# Almost every graph has every vertex in a triangle?

I am looking at the random graph model $$G(n,p)$$ (i.e., the random graph on $$n$$ vertices where each edge appears independently with probability $$p$$).

A property of almost every graph is a property $$A$$ such that $$\lim_{n \to \infty} \mathbb{P}(G(n,p)\text{ has } A) = 1$$.

The question I wish to solve is the following: is it the case that for almost every graph, every vertex is contained in a triangle?

My attempt: I suspect that this is a property of almost every graph, because $$G(n,p)$$ has $$\binom{n}{2}p \sim n^2p$$ edges on average, which is much more than the number of edges you would need to have every vertex be in a triangle $$(\leq 3n)$$. It would suffice to prove the probability that some vertex is not in a triangle goes to zero. Call such a vertex a bad vertex. We have \begin{align*} \mathbb{P}(\text{there exists a bad vertex}) &\leq \mathbb{E}[\text{number of bad vertices}]\\ &= \sum_{v} \mathbb{P}(v \text{ is a bad vertex})\\ &= n \mathbb{P}(v\text{ is a bad vertex}). \end{align*} So I would need an upper bound on $$\mathbb{P}(v\text{ is a bad vertex})$$ that is $$o(1/n$$). So far I've been unable to come up with a useful bound. Any advice would be appreciated.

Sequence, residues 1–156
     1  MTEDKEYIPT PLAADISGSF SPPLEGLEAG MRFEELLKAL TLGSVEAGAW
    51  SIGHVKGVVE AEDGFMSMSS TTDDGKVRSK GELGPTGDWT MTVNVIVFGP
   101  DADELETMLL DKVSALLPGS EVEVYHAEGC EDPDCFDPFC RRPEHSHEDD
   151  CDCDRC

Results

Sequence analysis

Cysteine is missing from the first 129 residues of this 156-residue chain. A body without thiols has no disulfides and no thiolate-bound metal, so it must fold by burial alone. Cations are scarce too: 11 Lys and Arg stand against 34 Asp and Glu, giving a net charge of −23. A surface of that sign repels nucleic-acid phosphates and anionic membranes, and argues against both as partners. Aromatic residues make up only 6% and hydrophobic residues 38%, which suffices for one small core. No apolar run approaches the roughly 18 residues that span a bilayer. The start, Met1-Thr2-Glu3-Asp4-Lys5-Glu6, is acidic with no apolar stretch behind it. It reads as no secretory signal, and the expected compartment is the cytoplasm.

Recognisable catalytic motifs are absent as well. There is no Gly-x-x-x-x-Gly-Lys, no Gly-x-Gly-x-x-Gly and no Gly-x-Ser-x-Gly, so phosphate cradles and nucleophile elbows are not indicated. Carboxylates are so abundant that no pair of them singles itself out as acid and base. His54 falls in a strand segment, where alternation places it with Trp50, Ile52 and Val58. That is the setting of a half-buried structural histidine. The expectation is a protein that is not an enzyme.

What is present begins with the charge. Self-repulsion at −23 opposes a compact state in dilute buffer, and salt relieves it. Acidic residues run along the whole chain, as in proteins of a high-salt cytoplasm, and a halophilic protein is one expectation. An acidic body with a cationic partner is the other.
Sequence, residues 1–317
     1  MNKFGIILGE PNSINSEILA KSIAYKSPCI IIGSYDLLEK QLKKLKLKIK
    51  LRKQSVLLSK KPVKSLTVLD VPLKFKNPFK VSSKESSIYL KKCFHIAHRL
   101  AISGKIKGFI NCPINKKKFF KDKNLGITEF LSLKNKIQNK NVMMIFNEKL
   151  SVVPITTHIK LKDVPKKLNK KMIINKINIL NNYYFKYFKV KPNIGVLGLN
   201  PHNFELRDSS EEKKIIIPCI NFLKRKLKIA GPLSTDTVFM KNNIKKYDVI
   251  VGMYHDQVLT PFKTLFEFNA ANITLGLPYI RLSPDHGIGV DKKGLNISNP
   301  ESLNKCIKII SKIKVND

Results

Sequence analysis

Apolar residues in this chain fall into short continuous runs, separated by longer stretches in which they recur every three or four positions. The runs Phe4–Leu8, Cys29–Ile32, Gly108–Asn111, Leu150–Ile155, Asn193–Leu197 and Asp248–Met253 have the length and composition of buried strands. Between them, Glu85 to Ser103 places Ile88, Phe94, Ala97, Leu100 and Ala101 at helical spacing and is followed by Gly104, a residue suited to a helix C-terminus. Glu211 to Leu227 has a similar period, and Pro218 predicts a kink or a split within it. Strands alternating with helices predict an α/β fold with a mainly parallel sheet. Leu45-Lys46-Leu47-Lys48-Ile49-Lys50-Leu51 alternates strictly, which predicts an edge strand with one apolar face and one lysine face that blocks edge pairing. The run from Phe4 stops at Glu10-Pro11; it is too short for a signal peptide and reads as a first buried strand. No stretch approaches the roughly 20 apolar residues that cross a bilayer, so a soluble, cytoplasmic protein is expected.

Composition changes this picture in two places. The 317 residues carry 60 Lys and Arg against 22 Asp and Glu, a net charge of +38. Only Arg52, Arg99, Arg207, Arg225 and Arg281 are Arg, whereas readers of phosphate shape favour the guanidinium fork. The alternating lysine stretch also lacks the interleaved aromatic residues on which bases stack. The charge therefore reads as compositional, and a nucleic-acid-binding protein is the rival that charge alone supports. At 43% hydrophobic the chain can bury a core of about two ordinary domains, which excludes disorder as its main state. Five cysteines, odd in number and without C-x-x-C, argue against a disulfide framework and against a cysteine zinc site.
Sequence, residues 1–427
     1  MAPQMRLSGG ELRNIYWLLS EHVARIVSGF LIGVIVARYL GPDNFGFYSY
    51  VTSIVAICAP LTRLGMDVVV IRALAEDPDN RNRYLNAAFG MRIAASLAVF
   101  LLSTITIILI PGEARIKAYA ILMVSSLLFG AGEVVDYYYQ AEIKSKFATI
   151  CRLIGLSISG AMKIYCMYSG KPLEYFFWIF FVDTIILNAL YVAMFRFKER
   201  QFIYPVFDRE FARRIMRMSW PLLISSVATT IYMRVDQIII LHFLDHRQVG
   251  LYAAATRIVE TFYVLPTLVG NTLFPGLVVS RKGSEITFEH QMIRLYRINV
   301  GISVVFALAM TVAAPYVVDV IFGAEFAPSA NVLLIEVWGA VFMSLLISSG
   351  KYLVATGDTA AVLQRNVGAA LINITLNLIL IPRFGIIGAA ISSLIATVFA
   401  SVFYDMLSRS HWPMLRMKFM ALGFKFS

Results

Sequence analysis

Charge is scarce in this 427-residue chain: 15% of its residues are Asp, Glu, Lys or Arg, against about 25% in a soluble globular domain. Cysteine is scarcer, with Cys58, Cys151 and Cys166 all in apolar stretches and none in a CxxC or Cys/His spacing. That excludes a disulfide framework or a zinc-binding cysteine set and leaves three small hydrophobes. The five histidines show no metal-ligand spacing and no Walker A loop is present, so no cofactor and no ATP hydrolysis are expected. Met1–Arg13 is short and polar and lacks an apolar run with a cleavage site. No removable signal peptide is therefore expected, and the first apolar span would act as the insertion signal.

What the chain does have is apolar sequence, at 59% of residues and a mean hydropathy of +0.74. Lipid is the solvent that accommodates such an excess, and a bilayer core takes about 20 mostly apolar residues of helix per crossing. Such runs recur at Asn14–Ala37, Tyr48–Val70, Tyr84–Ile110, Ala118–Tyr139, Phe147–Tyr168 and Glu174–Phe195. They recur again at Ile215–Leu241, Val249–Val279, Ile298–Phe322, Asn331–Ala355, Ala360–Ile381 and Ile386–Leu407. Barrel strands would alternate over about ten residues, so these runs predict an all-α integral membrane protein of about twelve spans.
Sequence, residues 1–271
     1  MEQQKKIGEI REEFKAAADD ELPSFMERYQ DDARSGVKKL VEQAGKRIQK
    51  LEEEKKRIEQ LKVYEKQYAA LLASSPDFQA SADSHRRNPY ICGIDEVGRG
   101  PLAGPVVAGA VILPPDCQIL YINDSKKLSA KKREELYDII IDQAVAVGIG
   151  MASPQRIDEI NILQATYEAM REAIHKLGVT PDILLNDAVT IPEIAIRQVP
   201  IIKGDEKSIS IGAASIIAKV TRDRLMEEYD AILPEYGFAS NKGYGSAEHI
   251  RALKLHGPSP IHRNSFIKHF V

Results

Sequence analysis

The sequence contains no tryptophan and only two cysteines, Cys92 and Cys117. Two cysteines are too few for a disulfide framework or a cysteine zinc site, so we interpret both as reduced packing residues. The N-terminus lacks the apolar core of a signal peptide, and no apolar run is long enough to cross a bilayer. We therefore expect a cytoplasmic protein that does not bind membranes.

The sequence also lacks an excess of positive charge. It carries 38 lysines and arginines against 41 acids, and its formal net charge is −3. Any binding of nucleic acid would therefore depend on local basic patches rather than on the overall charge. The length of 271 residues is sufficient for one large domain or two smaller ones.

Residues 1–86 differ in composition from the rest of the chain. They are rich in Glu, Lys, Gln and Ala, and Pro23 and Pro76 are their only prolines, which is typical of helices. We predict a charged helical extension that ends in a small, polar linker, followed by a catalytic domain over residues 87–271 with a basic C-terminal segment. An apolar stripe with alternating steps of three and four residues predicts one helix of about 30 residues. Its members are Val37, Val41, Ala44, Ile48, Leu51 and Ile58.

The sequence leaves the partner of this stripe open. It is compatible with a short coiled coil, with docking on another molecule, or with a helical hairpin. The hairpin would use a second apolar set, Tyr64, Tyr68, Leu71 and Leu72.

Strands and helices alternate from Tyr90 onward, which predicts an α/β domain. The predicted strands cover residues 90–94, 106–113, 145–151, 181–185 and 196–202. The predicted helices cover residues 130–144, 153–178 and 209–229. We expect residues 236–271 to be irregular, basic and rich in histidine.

A given vertex is a member of $${n-1 \choose 2} \sim \frac 12n^2$$ possible triangles. Each of them is realized with probability $$p^3$$ and the probabilities are (reasonably) independent, so the chance a vertex is bad is of order $$(1-p^3)^{(\frac 12n^2)}$$. The expected number of bad vertices is then $$n(1-p^3)^{(\frac 12n^2)}$$, which duly goes to $$0$$ as $$n \to \infty$$
If the failure of independence bothers you, partition the $$n$$ vertices other than the one we are considering into disjoint pairs and only consider triangles of one pair plus the vertex we are looking at. That certainly reduces the chance that we know our vertex is good, but changing the exponent to $$\frac n2$$ still supports the desired conclusion. For fixed $$p$$ almost every graph has every vertex in a triangle.
• Instead of handwaving with "reasonable independence", we can certainly say that each vertex is part of an expected number of $p^3{n-1\choose 2}$ triangles. I guess one could similarly find the variance and then use chebyshev ... – Hagen von Eitzen Jan 22 at 21:39
• Alternatively, we could separately argue that, for example (1) every vertex has at least $\frac n3$ neighbors w.h.p., and (2) there is no independent set of size $\frac n3$ w.h.p. – Misha Lavrov Jan 23 at 0:13